Can a sleepy coastal town with next to no footpaths become a harbinger of safety for vulnerable road users?
That is the question being explored on the Bellarine Peninsula, where a Draft Active Transport Strategy for the Borough of Queenscliff has been put to the community for feedback.
Initiatives include the idea of 30km/h speed limits across the municipality. The move which would be a first for Australia, and cover the townships of Queenscliff and Point Lonsdale.
Trials would initially focus on Point Lonsdale where there are next to no footpaths in local residential streets, often leading pedestrians to walk along roads.
A council spokesperson says the trial would not include arterial roads.
Local streets with no footpaths are a common feature of many popular Victoria holiday towns. When populations balloon in holiday periods, safety is threatened by the mix of visitors and road traffic on the way to and from beaches, pubs and restaurants.
Speed limits of 30km/h are the gold standard for local streets and are recommended by the OECD in built-up environments where motor vehicles mix with bike riders and pedestrians.
Lowering speed limits to 30km/h on local streets is also a long-term Bicycle Network campaign in a bid to make our neighbourhoods safer places to ride bikes.
Research shows that the probability of fatal injury rises rapidly with increases in speed. Someone has a 45% chance of surviving if they are hit by a car travelling at 45km/h, but at 30km/h the chance of survival increases to 90%.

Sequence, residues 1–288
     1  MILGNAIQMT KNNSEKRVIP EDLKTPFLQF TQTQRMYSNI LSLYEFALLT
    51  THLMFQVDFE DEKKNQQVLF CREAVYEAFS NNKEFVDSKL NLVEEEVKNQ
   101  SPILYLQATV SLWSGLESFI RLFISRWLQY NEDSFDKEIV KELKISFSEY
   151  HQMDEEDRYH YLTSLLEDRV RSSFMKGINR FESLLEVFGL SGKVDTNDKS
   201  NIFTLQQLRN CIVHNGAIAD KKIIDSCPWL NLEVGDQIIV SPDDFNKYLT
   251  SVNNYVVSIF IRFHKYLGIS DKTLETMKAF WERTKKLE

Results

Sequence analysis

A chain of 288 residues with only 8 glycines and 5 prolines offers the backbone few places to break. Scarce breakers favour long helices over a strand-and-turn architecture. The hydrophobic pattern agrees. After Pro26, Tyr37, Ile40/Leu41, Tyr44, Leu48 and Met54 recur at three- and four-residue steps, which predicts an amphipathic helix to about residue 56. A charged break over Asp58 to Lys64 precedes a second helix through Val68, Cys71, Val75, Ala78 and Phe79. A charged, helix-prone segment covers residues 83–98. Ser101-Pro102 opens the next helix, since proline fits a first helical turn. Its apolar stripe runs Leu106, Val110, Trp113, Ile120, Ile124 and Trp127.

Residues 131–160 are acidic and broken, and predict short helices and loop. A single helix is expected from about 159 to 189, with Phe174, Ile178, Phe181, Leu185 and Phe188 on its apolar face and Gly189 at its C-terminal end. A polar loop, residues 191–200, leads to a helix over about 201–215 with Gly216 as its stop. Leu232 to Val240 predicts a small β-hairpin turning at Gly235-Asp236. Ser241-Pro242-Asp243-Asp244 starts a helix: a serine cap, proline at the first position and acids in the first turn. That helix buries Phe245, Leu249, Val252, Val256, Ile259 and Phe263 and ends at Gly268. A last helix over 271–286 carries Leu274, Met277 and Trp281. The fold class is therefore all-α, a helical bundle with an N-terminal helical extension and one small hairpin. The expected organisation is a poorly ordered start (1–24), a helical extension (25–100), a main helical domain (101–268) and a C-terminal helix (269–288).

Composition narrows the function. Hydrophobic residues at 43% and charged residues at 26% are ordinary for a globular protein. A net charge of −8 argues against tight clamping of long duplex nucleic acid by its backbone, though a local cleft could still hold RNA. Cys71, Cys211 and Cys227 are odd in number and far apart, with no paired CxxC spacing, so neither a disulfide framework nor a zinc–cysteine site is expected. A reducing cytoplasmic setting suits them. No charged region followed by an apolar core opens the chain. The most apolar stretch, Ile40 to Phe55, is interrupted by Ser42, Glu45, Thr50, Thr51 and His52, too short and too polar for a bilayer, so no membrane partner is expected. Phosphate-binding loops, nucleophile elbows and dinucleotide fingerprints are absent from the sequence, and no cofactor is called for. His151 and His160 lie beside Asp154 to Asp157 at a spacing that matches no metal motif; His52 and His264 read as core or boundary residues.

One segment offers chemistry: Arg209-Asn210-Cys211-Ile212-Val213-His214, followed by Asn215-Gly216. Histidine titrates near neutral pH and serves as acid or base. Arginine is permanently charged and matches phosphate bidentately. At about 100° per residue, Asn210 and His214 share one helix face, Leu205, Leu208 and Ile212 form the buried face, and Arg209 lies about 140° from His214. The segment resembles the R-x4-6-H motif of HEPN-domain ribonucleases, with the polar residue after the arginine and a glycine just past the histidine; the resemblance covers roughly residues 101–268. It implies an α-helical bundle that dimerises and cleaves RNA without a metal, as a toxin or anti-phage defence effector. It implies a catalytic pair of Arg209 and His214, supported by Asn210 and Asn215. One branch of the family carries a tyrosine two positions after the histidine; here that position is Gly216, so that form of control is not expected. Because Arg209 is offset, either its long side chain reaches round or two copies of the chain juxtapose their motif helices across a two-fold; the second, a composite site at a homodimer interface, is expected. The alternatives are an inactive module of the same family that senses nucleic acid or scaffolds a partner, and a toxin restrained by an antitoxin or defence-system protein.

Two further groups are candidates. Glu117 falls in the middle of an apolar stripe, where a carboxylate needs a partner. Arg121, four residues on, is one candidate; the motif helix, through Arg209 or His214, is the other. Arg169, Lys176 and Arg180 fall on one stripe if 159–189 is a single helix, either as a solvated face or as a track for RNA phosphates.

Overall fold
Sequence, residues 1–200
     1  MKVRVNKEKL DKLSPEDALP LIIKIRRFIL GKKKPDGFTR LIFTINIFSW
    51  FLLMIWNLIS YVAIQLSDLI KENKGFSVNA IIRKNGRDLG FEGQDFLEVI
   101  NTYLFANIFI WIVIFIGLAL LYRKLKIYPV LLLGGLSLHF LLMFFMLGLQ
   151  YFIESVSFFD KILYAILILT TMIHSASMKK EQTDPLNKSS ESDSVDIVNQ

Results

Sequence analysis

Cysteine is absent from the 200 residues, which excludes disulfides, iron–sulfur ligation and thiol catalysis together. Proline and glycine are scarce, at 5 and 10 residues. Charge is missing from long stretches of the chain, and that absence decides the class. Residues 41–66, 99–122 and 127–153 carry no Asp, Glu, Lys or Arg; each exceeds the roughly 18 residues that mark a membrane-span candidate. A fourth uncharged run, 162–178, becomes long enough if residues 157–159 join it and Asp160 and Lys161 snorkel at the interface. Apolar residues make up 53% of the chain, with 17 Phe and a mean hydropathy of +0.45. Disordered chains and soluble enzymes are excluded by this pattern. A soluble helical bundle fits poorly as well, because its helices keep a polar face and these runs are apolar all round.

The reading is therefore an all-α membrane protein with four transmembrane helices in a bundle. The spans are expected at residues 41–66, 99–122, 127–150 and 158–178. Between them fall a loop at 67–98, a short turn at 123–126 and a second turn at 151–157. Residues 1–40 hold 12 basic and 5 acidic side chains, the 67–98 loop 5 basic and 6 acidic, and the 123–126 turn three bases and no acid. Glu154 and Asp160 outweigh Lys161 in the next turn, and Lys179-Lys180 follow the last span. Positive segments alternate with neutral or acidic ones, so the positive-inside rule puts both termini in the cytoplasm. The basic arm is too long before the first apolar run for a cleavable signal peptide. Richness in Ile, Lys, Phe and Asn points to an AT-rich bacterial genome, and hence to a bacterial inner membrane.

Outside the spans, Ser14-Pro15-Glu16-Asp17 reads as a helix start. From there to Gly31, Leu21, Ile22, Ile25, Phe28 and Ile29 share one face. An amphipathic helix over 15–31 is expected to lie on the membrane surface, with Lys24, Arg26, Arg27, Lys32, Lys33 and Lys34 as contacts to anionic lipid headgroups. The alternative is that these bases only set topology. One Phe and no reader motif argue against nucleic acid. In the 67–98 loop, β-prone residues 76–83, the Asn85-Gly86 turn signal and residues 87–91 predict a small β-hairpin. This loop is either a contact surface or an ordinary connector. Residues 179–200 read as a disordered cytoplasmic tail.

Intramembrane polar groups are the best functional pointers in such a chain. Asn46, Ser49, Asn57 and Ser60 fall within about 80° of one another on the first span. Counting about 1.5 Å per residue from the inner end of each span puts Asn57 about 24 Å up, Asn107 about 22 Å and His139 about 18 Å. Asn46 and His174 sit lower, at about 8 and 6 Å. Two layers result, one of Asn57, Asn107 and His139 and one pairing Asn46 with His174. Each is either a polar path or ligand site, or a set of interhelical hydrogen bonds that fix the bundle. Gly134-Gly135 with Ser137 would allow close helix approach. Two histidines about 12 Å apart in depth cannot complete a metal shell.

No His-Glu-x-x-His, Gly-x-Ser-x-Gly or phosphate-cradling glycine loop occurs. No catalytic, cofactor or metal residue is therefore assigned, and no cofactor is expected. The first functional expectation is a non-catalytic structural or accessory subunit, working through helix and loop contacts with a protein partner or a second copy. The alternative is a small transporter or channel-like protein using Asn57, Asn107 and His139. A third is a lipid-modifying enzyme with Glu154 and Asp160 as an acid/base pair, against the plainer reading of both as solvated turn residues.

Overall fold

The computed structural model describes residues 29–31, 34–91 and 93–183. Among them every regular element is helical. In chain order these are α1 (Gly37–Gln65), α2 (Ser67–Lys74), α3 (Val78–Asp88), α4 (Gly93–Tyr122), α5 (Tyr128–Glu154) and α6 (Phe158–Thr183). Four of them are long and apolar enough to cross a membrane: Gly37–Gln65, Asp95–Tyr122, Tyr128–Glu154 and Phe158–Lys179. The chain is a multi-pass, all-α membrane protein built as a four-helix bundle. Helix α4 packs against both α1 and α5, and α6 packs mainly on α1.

"Initially, local streets within the area bounded by Kirk Road/Ocean Road, Fellows Road and Point Lonsdale Road, as well as Murray Road could be suitable locations for trials," reads the Borough of Queenscliff's Draft Active Transport Strategy. "Following these trials, the program should be evaluated and further areas investigated if practical.
The council spokesperson says The Borough of Queenscliff is not at this point just yet. "A really important part of consultation is starting with a blank page. We are really interested in diverse feedback."
The draft strategy, which was developed through consultation involving stakeholder workshops and nearly 500 submissions from residents and visitors, is part of the council's broader plan to move toward zero carbon emissions by 2031.
A survey conducted as part of this earlier consultation found that 55% of respondents would make more walking trips and 62% would make more bike trips if improvements were made to comfort or safety.
Other measures in the plan include completion of the bike path network, including filling in missing links in the Bellarine Rail Trail, and improving bike parking in the area.
A petition opposing the 30km/h concept has attracted more than 1800 signatures.
The Borough of Queenscliff's Draft Active Transport Strategy is open for submissions until 4:30pm, Monday 1 May and can be made in writing to email@example.com.
This article was made possible by the support of Bicycle Network's members who enable us to make bike riding better in Australia.